Bringing Undergrads into the Discussion: SLC’s Very Own Development Conference

World_Map___Upside_Down_by_vladstudio

How inappropriate to call this planet Earth when it is quite clearly Ocean ~ Arthur Clarke

At Sarah Lawrence we understand that the student population embodies a variety of interests, be it musical theatre or research in rare bacterial biology. However, this year, a group of students are going the extra mile. These enthusiastic students have come together to organise a conference on international development for undergraduates. Such a conference has never been done for undergraduates before, and this year the group hopes to target the event at undergrads in colleges and universities of the Northeast.

Meghan Roguschka -a senior – spearheads the project. She began the process in the summer by contacting the Deans of various universities in the Northeast. At present the group has grown to include a medley of students – mostly from the social sciences – who are all committed to making this conference a success.

But why do this? A primary reason for organizing this conference was the lack of opportunity for undergraduates to present their papers at conferences. In most academic fields, conferences are open only to graduate students, professors, professionals and the occasional undergraduate escorted by a faculty advisor. The distinct lack of a platform for undergraduates to present their work to their peers prompted the organising committee to reach out to other students. We have seen and read the papers produced by Sarah Lawrence students – the research is thorough, and the writing solid. It is time that we shared that research with other institutions.

Secondly, we felt that international development was an issue that needed a stronger voice – in Sarah Lawrence and in the world. It comes with its pros and cons, but at the end of the day, we are all inhabitants of a highly inter-dependent world, and this inter-dependency should prompt us to analyse the issues we see in the world and find viable solutions to them.

Our goal is simple: to provide a platform for undergraduates in the field of international development to present in front of their peers and be challenged in the process. The process of intellectual discussion and critique allows participants to not only hone their debating skills but also gives them a chance to test out their ideas on development. We hope that all students will benefit from a richer understanding of the processes and issues of international development.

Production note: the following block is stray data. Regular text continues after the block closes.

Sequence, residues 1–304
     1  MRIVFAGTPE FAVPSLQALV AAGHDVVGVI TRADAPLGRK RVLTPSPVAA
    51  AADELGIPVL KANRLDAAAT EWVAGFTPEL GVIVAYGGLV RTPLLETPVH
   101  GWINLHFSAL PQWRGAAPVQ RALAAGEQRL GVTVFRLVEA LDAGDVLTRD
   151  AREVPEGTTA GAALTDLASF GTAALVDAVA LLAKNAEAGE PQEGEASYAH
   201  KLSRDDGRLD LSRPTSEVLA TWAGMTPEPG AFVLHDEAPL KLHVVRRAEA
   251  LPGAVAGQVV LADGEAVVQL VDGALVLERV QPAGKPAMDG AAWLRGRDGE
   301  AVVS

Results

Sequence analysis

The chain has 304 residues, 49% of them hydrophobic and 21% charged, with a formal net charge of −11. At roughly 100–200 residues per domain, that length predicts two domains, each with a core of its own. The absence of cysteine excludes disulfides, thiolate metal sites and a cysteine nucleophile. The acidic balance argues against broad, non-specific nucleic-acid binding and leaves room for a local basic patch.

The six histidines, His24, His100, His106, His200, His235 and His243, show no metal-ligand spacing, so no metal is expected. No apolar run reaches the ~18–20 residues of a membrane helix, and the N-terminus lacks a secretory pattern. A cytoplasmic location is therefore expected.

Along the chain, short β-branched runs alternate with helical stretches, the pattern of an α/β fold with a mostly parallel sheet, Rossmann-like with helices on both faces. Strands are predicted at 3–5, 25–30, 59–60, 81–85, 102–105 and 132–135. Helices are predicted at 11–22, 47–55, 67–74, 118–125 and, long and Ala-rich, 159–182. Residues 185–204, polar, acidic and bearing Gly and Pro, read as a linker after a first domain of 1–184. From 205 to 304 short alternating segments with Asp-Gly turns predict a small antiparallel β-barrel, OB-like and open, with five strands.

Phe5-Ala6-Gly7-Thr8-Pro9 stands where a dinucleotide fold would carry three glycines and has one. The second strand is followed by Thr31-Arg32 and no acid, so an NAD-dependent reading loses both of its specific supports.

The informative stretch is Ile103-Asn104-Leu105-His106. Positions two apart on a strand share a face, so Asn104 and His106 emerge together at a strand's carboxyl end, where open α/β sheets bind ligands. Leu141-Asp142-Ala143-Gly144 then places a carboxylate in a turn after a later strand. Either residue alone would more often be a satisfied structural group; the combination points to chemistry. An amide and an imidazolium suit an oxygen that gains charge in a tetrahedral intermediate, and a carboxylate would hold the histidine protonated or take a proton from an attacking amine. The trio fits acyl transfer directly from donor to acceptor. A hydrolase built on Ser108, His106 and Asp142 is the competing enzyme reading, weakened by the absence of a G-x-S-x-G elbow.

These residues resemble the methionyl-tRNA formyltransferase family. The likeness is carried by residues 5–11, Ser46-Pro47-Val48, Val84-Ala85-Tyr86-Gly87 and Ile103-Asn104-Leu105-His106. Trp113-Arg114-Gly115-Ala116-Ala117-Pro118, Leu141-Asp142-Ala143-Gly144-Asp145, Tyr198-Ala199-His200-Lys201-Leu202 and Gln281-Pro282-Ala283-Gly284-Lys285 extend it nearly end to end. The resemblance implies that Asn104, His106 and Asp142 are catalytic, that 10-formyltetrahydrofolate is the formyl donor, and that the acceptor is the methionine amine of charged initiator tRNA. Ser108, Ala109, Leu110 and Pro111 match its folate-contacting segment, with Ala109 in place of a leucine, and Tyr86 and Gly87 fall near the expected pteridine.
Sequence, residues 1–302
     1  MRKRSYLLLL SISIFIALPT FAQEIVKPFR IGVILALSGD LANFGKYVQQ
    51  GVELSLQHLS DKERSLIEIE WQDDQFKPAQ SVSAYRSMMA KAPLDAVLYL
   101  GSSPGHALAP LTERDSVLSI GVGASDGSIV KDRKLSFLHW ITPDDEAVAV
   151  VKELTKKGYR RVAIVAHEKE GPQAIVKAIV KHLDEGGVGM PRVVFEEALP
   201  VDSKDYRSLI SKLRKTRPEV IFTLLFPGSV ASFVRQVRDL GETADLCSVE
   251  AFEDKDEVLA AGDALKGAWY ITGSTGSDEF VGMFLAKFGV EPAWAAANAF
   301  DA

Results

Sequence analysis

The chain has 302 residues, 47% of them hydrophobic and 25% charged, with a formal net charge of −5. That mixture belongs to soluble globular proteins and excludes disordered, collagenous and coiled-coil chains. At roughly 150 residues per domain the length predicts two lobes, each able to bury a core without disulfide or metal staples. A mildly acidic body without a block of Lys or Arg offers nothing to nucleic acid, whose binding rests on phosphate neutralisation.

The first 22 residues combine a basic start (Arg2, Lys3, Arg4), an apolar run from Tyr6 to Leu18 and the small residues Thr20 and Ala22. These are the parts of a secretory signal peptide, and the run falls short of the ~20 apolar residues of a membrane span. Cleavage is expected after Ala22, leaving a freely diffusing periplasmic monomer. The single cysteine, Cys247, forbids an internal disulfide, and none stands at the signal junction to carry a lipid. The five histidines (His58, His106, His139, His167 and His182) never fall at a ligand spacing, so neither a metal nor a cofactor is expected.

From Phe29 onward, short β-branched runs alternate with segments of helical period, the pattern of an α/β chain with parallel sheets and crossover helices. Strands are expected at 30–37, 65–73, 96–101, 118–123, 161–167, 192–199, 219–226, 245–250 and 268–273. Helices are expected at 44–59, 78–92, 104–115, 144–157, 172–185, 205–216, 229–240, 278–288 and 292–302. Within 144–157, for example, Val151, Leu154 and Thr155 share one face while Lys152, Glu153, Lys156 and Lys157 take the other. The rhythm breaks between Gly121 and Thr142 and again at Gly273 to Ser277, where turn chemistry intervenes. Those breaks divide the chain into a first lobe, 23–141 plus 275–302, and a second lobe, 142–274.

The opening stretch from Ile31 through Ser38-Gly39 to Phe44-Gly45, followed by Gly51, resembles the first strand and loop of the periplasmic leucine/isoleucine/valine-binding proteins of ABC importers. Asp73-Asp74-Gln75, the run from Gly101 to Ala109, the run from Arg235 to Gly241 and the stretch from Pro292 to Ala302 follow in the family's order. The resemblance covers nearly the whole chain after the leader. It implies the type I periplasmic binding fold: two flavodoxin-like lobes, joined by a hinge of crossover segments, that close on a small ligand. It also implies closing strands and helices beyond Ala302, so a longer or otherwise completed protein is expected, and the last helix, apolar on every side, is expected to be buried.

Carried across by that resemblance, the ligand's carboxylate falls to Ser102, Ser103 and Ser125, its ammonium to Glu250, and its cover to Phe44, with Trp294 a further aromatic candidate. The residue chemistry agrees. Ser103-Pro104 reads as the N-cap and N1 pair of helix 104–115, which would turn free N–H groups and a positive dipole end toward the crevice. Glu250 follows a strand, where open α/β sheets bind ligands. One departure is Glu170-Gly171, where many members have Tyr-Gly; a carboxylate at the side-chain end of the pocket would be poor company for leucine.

This is an event that concerns all of us. The issues within international development do not just concern the ‘developing world’. They concern politicians, philosophers and us, as students. The conference spans different academic fields, from History to Economics. It is for students who are keenly interested in international development; it is for students who have a mild curiosity about the issues in our world; it is even for students who are curious about how art and literature are informed by different socio-political trends in different nations.

Above all, it is for students who believe that as citizens of the digital generation – with the ability to connect with anyone in the world – it is our responsibility to understand how other people live, and what determines livelihoods.

Interested? Contact dev_conf@googlegroups.com for more information.

 

Image courtesy of Google Images

Jing Min Chia – who goes by Jeamme, which is pronounced Jamie, a name her mother created – is a Malaysian who loves to eat, cook, write about food and ponder about everything related to food. She reads the BBC, Nature and The Economist like its no tomorrow because she believes it is theoretically possible – and important – to understand how the world actually works. At Sarah Lawrence College she studies Economics, Anthropology, French, Agriculture, Development, plus a medley of sciences and tries to convince her mother that the combination is a good idea.

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